Tuesday, February 28, 2023

How to Become a Better Business Writer: Part Two

How to Become A Better Business Writer: Part One (last week) covered the basics. Now it’s time to dive back in and learn how to add the finesse. Aladdin didn’t understand the magic of his lamp until he started to polish it. Your research and organization are done. You’ve finished the first draft. Now you need to go back through your document to refine it into a communication you can be proud to send out or give to others. 

Keep It Interesting. Vary the length of the sentences you use to keep the flow of your communication interesting. Compare and contrast. Use metaphors and quotations. Pepper your writing with stories that substantiate the points you are making. Avoid cliches and archaic phrases as well as acronyms, buzzwords, gobbledygook, and jargon. 

Don’t Leave Readers Confused. Use specific, concrete words to convey meaning. Vague references leave room for significant misunderstanding. Fuzzy details leave your readers filling in the blanks -- and they may not have the right answers. 

Use the Active Voice. Have your subject ‘do’ the action. Your writing will be more interesting and alive. Passive voice should be used sparingly. Action verbs make writing more exciting. They give even more life to your writing than colorful adjectives. 

Use Good Grammar, Punctuation, and Spelling. Careless writing costs you business. When your writing is careless and sloppy, clients assume your work is careless and sloppy. Your computer’s grammar and spellcheck will catch some mistakes but leave many behind for your readers. It’s up to you to catch the rest of them. Here are some additional pointers that will help improve your writing.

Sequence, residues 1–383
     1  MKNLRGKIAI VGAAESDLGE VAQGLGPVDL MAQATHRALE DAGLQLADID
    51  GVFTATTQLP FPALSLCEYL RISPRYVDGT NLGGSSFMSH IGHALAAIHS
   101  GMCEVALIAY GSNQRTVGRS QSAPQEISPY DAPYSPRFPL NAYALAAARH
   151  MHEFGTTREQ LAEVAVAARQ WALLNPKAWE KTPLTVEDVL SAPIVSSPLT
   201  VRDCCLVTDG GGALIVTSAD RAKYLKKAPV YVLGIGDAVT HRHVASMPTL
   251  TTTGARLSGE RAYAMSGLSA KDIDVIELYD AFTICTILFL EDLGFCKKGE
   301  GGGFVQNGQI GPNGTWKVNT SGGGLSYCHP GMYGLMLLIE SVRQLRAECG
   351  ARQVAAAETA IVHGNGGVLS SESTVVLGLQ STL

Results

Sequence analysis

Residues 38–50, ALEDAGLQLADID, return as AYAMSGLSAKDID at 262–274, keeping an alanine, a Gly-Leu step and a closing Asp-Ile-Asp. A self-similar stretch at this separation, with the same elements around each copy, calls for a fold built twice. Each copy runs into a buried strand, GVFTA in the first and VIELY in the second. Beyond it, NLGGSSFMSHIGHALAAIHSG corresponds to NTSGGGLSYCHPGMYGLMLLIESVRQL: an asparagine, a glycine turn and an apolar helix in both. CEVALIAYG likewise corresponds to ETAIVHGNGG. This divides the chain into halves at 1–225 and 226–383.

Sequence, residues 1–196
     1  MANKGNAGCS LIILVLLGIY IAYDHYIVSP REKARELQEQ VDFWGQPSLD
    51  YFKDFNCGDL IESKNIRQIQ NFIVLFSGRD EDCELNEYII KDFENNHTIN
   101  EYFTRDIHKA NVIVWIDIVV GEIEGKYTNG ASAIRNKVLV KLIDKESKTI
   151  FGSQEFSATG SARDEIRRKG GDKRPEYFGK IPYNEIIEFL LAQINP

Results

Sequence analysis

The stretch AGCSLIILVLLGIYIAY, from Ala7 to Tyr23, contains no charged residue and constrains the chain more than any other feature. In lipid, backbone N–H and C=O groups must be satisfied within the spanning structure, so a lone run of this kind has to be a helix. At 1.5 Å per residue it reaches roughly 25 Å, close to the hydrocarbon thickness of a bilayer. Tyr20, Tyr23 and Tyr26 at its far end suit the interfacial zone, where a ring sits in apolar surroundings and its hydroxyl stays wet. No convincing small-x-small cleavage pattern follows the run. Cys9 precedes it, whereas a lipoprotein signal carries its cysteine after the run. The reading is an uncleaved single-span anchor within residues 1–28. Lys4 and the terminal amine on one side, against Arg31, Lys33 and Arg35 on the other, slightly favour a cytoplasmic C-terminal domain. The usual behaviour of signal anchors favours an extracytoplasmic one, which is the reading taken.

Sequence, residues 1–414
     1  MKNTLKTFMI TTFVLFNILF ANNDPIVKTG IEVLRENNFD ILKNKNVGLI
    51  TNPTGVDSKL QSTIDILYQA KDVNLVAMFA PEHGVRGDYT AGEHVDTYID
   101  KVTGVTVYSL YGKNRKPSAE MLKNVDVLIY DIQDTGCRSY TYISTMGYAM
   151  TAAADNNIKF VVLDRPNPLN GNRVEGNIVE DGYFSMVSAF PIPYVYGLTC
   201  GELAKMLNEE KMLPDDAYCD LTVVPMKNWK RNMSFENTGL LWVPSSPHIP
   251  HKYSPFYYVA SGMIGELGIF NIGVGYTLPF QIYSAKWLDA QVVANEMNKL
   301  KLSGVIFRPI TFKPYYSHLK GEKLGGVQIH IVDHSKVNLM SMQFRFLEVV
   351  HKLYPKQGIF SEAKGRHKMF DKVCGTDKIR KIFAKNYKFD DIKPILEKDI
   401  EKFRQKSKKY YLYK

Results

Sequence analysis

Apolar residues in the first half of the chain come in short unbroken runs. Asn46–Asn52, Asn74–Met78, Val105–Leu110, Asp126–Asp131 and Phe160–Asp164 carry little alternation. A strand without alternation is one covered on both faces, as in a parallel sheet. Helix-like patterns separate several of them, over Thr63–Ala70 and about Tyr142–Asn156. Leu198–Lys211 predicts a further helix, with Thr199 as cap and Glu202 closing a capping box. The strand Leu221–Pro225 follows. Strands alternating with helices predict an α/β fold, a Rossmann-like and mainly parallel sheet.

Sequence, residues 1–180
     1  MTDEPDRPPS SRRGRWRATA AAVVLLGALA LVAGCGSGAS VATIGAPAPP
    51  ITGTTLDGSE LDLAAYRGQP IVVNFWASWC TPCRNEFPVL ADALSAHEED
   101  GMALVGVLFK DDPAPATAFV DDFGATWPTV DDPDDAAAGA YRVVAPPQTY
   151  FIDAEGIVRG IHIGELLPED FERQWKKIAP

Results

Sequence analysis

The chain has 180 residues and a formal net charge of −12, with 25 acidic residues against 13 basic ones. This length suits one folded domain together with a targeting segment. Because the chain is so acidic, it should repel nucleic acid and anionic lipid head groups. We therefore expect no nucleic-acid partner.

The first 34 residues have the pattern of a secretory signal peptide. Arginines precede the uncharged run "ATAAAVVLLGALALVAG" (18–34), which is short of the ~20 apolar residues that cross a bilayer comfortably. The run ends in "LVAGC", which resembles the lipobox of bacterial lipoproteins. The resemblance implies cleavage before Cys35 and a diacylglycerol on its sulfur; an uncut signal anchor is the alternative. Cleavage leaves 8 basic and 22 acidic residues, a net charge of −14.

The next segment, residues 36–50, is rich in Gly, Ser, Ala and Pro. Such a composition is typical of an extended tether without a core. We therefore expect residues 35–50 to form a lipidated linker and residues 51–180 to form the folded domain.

• Capitalize proper names only. 
• Use hyphens between adjectives describing each other. 
• Write out ‘and’ and ‘percent’ instead of using ‘&’ and ‘%.’ 
 • Use Parallel Structure by putting related ideas in the same form and tense in sentences and bulleted lists. 

Edit. Edit. Edit. Proofread and then have someone else proofread your work. Even professional writers need to go back over their work. Make sure your reasoning is logical. Cover alternative arguments and conclusions. Check your facts for accuracy. Cite your sources. Sometimes it helps to put your document aside overnight and look at it the next day with a fresh pair of eyes. You’ll be able to be more objective. Do you have a colleague or friend whose advice you respect? Ask them to look your writing over for you. 

Make Your Document Visually Appealing. Your document will be easier to read when you allow adequate white space. Format your text thoughtfully with bold headlines, sub-headlines, bulleted lists and indention. They act as signposts to direct readers and make your document more attractive. Be sure to use a typeface that is easy-to-read. 

Make your document easier to read. Avoid widows and orphans -- short or single lines of type at the bottom or top of a page. They are not aesthetically pleasing and slow readers down. Justify the left margin only is also a reader-friendly strategy. It ensures there are no uneven gaps between words and makes reading easier. 

Add colorful photographs, pictures, and other graphics. This provides increased spark. And don’t forget to use good quality paper when your project will benefit by it. 

Effective writing is clear, concise, and interesting. If you write with your readers’ best interest in mind and are sensitive to their needs, they will be appreciative and receptive always.

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